DIESEL AGAIN KINDLES PASSIONS AND THOUGHTS
The high diesel prices in Bulgaria has again aroused dissatisfaction among the local carriers against the background of oil prices permanently going down on the international markets. Officials of the Confederacy of Auto Transport Unions (CATU) announced at the beginning of the week that trading one litre of diesel against BGN2.05 is undue.
The price should be BGN1.7, value-added tax included. When a barrel of naphta cost USD55 and the excise duty in Bulgaria stayed at BGN535, Lukoil used to sell 1,000 litres of diesel for BGN1,572. One barrel is currently priced at USD50 while the company trades 1,000 litres for BGN1,894 which is an increase by more than BGN300. A BGN60 increase in the excise duty is present indeed but a surplus charge of BGN240 remains which makes for BGN0.22 per one litre, Krassimir Lalov, member of CATU's managerial board said.
Just a day later the reaction at the part of Bulgaria's only refinery sprang up. The Lukoil-Bulgaria's public relations office announced the following: Statements of all kind and sort that diesel produced by Lukoil-Neftochim Burgas as of today should cost as much as it used to be two years ago are wholly devoid of foundation as two completely different fuel types and categories are being compared. As a result of large-scale investments, the refinery has gradually shifted to the production of fuels having lower sulfur content which meet the Euro-4 emissions standard and it is ready to shift to the Euro-5 standard. The company's investment scheme in regard to meeting Euro-5 is USD265 million for 2008 alone. The fuel sold today is completely different in terms of type, quality criteria and prime cost in comparison to that sold two years ago.
Company officials also pointed out that an increase in the fuel prime costs is in practice impossible to be carried out under the entirely liberalized fuel market conditions and in the presence of at least five refineries in the neighbouring countries. However, along with making this statement Lukoil decreased the fuel prices. Diesel price flagged by BGN0.04-0.05 to BGN2.0 per litre while A95 is already sold at BGN1.85, down by 3% or BGN0.06. The high-octane A98's price also dropped by 3%.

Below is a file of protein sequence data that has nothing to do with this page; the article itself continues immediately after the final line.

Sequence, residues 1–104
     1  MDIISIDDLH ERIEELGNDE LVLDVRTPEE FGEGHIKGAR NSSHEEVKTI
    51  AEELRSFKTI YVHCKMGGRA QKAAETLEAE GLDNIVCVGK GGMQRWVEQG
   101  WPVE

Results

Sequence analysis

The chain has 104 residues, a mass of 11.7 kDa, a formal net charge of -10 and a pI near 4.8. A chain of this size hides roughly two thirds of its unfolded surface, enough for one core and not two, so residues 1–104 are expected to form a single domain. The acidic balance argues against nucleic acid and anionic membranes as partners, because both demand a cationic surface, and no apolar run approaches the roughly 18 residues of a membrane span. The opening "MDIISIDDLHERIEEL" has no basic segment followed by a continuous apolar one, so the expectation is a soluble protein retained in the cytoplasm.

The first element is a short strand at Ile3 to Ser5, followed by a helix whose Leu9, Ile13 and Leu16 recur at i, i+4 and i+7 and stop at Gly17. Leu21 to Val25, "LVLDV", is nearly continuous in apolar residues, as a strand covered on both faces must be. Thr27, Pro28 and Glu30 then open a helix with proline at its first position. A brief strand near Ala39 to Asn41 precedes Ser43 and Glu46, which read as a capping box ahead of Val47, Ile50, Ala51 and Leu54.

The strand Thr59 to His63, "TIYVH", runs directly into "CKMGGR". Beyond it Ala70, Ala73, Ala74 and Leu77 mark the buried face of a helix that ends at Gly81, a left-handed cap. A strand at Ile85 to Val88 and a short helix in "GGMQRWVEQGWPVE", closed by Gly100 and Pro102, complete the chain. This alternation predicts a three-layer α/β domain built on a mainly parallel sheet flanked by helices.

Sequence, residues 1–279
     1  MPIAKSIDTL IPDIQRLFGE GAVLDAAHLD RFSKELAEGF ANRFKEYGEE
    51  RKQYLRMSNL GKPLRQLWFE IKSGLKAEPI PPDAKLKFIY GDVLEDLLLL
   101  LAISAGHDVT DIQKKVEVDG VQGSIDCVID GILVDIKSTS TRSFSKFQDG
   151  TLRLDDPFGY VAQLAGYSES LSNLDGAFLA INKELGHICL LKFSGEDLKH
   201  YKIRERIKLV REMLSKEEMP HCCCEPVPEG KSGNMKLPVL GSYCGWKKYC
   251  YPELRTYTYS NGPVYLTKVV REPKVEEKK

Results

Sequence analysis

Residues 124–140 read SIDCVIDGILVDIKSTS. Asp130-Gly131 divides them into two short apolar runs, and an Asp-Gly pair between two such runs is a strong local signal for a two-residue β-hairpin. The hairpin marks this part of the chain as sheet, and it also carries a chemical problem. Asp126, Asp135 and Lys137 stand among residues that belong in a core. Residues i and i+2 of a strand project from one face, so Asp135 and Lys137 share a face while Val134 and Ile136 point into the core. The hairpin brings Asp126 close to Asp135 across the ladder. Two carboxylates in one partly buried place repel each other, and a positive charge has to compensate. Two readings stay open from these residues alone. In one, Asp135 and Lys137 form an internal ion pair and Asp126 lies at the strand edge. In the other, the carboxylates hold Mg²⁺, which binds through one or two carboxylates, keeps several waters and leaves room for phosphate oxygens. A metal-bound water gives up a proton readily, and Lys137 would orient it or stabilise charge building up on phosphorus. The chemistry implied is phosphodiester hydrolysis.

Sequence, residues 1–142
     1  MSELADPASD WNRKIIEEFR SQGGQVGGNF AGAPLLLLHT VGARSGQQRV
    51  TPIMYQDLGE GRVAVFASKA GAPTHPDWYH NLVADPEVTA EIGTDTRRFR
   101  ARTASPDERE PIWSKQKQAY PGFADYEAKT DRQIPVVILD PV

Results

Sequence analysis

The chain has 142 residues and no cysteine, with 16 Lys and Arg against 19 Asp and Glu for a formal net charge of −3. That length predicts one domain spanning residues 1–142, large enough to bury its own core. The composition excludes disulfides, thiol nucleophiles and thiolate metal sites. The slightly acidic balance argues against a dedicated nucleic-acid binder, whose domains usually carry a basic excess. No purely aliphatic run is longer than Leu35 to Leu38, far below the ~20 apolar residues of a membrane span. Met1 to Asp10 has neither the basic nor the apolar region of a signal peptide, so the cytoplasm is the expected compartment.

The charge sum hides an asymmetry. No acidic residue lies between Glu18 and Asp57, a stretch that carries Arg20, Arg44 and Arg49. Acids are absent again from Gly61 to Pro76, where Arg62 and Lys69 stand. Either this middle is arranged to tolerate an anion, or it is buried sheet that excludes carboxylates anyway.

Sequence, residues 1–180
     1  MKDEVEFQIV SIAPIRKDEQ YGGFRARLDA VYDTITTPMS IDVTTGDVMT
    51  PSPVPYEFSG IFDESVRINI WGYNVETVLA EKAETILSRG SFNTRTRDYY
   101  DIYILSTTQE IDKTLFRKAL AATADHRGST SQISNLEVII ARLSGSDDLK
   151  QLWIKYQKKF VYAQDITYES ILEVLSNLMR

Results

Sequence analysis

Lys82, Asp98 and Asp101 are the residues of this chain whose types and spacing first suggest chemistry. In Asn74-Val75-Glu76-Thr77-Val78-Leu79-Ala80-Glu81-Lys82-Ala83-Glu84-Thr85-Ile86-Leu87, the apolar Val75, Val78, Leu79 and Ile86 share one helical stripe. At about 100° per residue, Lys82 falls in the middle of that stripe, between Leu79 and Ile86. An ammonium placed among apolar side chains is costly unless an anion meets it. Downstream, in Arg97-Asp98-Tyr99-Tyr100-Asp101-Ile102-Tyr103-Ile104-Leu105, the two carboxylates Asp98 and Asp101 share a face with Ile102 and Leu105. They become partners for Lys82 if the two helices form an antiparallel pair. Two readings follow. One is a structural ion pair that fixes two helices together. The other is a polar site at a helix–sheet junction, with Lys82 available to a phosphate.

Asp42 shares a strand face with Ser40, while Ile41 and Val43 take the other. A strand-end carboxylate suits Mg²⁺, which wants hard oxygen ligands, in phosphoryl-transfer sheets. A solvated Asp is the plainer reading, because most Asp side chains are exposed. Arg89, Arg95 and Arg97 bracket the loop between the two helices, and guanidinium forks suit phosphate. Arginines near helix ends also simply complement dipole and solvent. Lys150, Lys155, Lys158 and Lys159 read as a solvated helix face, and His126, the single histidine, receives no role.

Nevertheless it is hardly believable that the conflict with the carries will dwindle just like that. The carriers stated that they are seriously pondering over blockading the roads to filling stations and other centres of Lukoil and its distributors with their vehicles. And they will await for the November 22-23, 2008 Bulgarian Socialistic Party congress to pass in order to avoid arousing suspicions that their move is a political mission.
Is diesel sold in Bulgaria expensive? According to BANKER's inquiry over the Ministry of Economy and Energy's website, naphta wholesale prices are really and truly the lowest ones among the European Union countries. The price was EUR0.97 per litre as of November 19, 2008, duties and taxes included, with only Lithuania surpassing us with EUR0.96. Diesel is priced at EUR0.97 too in Cyprus, and at EUR0.98 in Latvia and Romania while in Slovenia and Luxembourg it costs EUR1.0, and EUR1.01 in Spain and Estonia. The most expensive naphta of EUR1.33 is on sale in the U.K.
The situation, however, is quite more different if we take a look into the Ministry's statistics regarding the retail prices. The Shell and OMV filling stations in Bulgaria sell diesel for approximately EUR1.05 while Lukoil sells it at EUR1.033 per litre. The fuel is significantly cheaper in Ljubljana and Bucharest where it is available at respectively EUR0.976 and EUR0.975. And the price in Skopje is EUR0.891 per litre. These lower prices in the Balkan countries most likely arouse dissatisfaction among the Bulgarian carriers as their routes pass mainly through these countries. And it is yet to be revealed to what extent will their serial conflict with Lukoil escalate and will the state have to intevrene again